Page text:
The bank also puts a strong emphasis on gender equity. So at least 50% of the bank’s board must be women, earning the bank the distinction of being the first public organisation in Central America to establish at least 50% women in its decision-making bodies. The bank also has a Permanent Women’s Commission that makes gender equality a priority across the conglomerate.
What the BPDC is has much to do with its makeup.
The Banco Popular did not start out very green. But it has become a defining characteristic since 2014 when the left-leaning Citizens’ Action Party came to power and focused on making the economy promote social and environmental good, as opposed to pure profit.
The bank has since developed speciality lending products, like eco-savings and eco-credits to help businesses fund more environmentally friendly projects. For example, earlier this year the bank helped finance the purchase and installation of residential solar energy panels.
On the developmental side, the BPDC supports local communal associations to provide sustainable water supply systems. It also works with regional energy cooperatives to finance everything from hydroelectric energy generation and energy-efficiency retrofitting, to conservation projects involving vulnerable nature areas.
The bank has also started to green itself. It tracks its own consumption of energy, strategises how to reduce its carbon impact, and reports this annually following the international, independent Global Reporting Initiative. The bank’s pensions division has been certified as “carbon neutral” for four years running.
Room for improvement
Clearly, there is much to commend the Banco Popular as a model of alternative banking. But it is not perfect. Since its inception nearly 50 years ago, the bank has been the object of intense political power struggles and it came close to near collapse during the 1980s. Calls to privatise it are ever-present.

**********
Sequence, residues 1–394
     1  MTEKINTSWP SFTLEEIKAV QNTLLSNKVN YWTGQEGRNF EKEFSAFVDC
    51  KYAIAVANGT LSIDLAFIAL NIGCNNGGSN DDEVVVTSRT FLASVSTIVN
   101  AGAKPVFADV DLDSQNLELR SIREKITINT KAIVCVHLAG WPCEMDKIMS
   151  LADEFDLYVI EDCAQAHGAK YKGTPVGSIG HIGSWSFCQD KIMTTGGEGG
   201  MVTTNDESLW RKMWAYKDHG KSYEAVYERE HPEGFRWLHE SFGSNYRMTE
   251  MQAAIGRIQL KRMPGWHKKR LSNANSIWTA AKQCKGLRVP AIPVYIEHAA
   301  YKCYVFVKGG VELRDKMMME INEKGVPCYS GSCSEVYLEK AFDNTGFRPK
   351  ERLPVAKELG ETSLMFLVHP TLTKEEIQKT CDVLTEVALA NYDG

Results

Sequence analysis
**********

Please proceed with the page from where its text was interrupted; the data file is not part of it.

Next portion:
The struggle over effective control rages. Should the BPDC move towards complete worker control of its board or maintain continued government oversight, but with greater popular representation? The problem goes to the heart of how the public interest can and should be democratically represented in the bank.
Operationally, the Bank’s green portfolio needs expanding to be more sustainable. This will demand innovative thinking around green projects that have some kind of financial return. But how its green impact is practically measured has yet to be resolved.
Finally, there are burning strategic questions. The BPDC is relatively profitable. From a solidarity perspective, is this socially justifiable? Still, earning good returns enables the bank to fund more social projects through its subsidiary Social Bank. Some might argue that the whole of the bank’s operations be geared towards this.
These hitches of governance, greenness and socialness are important, but the beauty of the BPDC is that they are resolvable within the democratic processes of the bank and Costa Rican society. For those banking on alternatives to the private profit-maximising dogma of most banks, the Banco Popular offers hope and direction.